Mindfulness is the English translation of the Pali word “sati”. In Buddhism its definition refers to an activity that is said to defy conceptualization through language and logic and can ultimately only be approached through experiential understanding. The term mindfulness has been associated with participatory observation, non-judgmental observation, impartial watchfulness, non-conceptual awareness, present-time awareness, non-egoistic alertness, bare attention, awareness of change, goal-less awareness, mirror-thought, wakeful experience of life, and pre-symbolic function, as well as remembering in the sense of a wordless knowing of what we are doing and how we should go about it.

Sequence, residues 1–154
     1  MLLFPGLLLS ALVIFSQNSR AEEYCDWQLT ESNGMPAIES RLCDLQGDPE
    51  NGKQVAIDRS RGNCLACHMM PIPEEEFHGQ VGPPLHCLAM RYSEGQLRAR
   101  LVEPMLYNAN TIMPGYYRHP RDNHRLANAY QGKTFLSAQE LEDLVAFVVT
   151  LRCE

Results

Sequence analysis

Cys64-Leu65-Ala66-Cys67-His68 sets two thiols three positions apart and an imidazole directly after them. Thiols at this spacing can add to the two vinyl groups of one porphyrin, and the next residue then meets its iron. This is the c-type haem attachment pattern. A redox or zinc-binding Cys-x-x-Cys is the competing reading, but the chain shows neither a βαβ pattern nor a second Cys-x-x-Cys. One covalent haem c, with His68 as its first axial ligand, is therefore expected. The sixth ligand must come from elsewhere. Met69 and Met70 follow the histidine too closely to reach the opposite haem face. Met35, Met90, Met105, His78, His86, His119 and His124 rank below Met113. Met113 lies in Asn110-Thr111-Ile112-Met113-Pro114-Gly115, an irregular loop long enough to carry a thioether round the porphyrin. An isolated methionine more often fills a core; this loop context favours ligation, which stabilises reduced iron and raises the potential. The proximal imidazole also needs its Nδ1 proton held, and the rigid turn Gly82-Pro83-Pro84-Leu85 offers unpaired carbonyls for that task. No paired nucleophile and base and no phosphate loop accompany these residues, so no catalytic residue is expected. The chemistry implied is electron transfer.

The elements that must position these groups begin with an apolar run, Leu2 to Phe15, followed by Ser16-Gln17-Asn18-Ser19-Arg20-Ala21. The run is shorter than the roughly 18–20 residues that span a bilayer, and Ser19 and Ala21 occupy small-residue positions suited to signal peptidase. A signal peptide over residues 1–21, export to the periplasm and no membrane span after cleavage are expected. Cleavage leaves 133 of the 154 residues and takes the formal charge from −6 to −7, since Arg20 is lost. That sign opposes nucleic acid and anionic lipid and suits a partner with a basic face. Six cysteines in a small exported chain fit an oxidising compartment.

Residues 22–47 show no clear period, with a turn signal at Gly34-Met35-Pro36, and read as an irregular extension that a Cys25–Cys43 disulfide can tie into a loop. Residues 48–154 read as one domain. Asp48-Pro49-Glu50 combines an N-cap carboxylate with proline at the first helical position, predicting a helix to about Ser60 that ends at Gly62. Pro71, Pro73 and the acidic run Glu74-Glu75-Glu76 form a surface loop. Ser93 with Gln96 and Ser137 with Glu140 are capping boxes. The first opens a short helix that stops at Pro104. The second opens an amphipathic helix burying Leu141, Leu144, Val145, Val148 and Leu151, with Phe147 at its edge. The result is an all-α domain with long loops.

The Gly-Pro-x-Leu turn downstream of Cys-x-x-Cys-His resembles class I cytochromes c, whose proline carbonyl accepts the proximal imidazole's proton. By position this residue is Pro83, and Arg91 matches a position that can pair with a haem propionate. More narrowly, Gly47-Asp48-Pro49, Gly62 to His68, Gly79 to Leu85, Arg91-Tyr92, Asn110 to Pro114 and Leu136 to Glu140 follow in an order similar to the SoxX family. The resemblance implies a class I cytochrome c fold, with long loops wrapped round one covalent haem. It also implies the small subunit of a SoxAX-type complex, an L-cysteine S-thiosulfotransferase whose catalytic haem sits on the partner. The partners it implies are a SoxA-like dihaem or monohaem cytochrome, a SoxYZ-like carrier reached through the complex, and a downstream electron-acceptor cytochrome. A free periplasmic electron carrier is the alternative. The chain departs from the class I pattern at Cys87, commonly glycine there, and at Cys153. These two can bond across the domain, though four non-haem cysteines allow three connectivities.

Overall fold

In psychology and medicine the basic definition of mindfulness has been conceptualized on three levels. One of the pioneers of the movement in medicine, Jon Kabat-Zinn, defined mindfulness as ‘‘paying attention in a particular way: on purpose, in the present moment, and non-judgmentally”. According to this definition there are three main compomnents that are directed towards uprooting entrenched habits that cause stress and unhappiness. When we become aware of what is happening within and around us we can shape our lives more intentionally, we learn to focus our attention, and we develop attitudes that help us master hard times.